Command line accounting tool and python library
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pledger is a collection of utilities for tracking money with python according to standard accounting principles.

It is inspired by John Wiegley's ledger, and most ledger input files should work with pledger without modifications.

For ledger users

If you are a ledger user, you can just run

python reg

and you are pretty much ready to go. Note, however, that rules inside ledger files are ignored, so they need to be translated into python and added to your startup script (see below).

pledger has nowhere near as many command line options as ledger, but much of the functionality can be recreated by clever uses of the --filter option.

Getting started

pledger is based on three simple concepts: accounts, transactions and entries.

Accounts represent ideal containers for money, often abstract. Examples of accounts include a bank account, rent expenses, and a credit card debt. Accounts in ledger can be organized in a hierarchy, by using a colon (:) as a separator for subaccounts (e.g. Assets:Bank:Checking and Assets:Bank:Savings).

Money flows from an account to another through transactions, leaving the total amount of money in the whole system constant. A transaction is composed by entries (usually 2) which describe the individual changes in each of the accounts involved.

For example, paying your 1000 € rent with a bank transfer can be represented as a transaction with two entries: one taking 1000 € out of your checking account, and one adding 1000 € into the account tracking rent expenses.

Since transactions cannot ever create or destroy money, the sum of the amounts of all the entries of a transaction should always be 0.

Transactions can be written in text files which pledger is able to parse using a syntax such as in the following example:

2011/07/01 * Rent
    Assets:Bank             -1000.00 €

As you can see, this expression includes the date of the transaction, an optional * mark representing whether the trasaction is "cleared" (which means whatever you want it to mean, but usually, that you have verified the transaction on a bank statement), and an arbitrary label that describes it.

After that, there is a list of entries, written as <2 or more spaces> . One of the amounts can be omitted, since it is implied that is equal to the opposite of the sum of the others (remember each transaction has to total 0).

A pledger input file can contain a list of transactions separated by a blank line.


There are two types of reports that pledger is natively able to generate (although pledger can be easily extended to allow other types of reports).

Both reports allow the use of filters to restrict which entries and transactions should be taken into account.

Balance report

A balance report lists all accounts and their respective total, assuming it is non-zero. Account names are shown indented according to their hierarchy. For example:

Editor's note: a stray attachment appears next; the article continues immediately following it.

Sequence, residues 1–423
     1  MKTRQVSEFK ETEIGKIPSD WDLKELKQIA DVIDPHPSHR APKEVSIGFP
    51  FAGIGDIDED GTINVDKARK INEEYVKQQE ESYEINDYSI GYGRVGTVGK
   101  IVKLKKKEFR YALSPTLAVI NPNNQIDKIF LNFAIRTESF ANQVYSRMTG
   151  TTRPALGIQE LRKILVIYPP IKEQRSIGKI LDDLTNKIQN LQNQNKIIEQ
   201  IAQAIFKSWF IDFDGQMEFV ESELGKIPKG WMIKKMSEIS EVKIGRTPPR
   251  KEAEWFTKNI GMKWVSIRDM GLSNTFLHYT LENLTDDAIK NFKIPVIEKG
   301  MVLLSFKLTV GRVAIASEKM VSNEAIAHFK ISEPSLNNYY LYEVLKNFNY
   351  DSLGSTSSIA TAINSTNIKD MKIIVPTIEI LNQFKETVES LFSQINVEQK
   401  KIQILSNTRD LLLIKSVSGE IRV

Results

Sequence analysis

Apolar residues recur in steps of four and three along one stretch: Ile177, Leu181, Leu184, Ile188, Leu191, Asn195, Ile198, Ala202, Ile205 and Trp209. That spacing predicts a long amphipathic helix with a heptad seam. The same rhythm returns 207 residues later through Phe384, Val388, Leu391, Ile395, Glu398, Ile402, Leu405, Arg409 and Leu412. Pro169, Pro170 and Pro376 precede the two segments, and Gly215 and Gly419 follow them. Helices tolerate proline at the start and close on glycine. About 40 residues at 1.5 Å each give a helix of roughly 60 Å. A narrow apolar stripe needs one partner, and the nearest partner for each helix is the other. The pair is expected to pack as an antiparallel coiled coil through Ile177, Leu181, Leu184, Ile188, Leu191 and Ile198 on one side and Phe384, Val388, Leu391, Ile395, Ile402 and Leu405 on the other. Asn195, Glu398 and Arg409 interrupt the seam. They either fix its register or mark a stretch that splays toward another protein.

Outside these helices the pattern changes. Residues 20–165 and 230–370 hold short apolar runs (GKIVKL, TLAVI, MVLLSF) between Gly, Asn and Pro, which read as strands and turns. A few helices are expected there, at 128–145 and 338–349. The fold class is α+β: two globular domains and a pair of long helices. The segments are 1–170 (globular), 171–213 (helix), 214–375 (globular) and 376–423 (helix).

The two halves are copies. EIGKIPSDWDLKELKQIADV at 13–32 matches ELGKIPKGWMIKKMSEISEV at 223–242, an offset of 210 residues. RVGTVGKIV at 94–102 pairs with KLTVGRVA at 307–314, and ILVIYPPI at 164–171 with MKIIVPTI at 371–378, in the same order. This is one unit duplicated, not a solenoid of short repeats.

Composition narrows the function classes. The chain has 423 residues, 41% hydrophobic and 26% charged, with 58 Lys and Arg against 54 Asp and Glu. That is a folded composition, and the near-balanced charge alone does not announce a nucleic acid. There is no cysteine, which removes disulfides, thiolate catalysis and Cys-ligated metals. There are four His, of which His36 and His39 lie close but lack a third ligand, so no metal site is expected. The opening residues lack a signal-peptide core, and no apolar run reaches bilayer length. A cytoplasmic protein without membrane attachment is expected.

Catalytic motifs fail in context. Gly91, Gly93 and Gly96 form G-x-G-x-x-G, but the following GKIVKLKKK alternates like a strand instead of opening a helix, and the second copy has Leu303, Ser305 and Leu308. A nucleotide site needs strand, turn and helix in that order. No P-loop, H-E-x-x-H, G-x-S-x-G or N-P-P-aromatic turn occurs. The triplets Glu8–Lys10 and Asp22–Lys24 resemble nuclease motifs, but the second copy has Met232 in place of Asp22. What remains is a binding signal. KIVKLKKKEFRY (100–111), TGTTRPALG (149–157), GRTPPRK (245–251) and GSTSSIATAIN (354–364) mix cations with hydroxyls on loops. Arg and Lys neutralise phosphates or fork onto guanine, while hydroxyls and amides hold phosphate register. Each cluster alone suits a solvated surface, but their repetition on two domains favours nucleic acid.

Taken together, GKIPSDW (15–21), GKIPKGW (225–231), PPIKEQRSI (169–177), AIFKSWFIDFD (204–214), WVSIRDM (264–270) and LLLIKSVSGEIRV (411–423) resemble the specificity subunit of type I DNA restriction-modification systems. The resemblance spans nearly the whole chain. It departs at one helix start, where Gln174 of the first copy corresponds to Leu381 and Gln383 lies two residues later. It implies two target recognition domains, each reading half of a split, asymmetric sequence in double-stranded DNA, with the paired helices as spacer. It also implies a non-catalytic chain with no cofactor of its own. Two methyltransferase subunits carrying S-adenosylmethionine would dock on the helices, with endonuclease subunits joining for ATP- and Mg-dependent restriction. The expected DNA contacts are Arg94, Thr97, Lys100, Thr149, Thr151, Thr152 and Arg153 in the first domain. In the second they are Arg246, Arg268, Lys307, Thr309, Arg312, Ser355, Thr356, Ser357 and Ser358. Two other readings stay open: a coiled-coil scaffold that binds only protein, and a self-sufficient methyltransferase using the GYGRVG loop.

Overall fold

pledger balance Assets:Bank

would show something like:

2910.12 €  Assets:Bank
 615.12 €    Checking
2295.00 €    Savings

Register report

A register report simply lists all entries matching the given filter, with a running total.


Filters are functions that take a transaction and one of its entries, and return a boolean value which indicates whether the entry has to be included in the report being generated.

Filters can be either created in python code, or specified in the command line using python syntax. For example, a command like the following:

pledger register --filter "transaction.label.contains('Rent')"

will list all entries containing the string "Rent" in their description.

Simpler filters can be specified in the command line. Run

pledger --help

for a complete list.


A rule consists of a filter, together with a function, called generator, which takes a single entry and returns a list (or an iterator) of entries. Think of a rule as a transformation to be applied to certain entries.

Startup scripts

pledger's command line interface can be invoked by importing the cli module and executing


The cli module also contains a number of global variables that can be used to customize pledger's behavior.

For example, setting cli.filter allows to specify a predefined filter that is composed with whatever filter is provided on the command line. Rules can be added to the global cli.rules.

A startup script allows you to define new report types, or custom representations for existing reports.


Entries, transactions and accounts can have tags attached to them. A tag is an arbitrary key-value pair. Some tags are reserved, and have a special meaning to pledger, like the 'date' tag for an entry, which changes its date.

Tags for entries and transactions can be specified in the input file, but account tags can only be set in python code at the moment.

For transactions, a comment after the first line can contain tags written as tag:value, or simply :tag:, in which case the value is assumed to be the True. A date enclosed in square brackets is considered to be a date tag with the specified value. Entry tags have the same syntax, but come after the entry on the same line.

And example is

2011/07/01 * Rent
; landlord:Smith
    Expenses:Rent               1000 €      ; [2011/07/03]
    Assets:Bank                             ; :direct-debit:

which should be pretty self-explanatory.

To set tags on accounts in your startup script, use code such as the following

accounts = cli.parser.accounts
accounts["Assets"]["Bank"].tags["checking"] = True

When filtering on the command line, you can access tags as though they were properties of an object. For example:

pledger balance --filter 'entry.account.checking'

pledger register Expenses:Rent --filter 'transaction.landlord == "Smith"'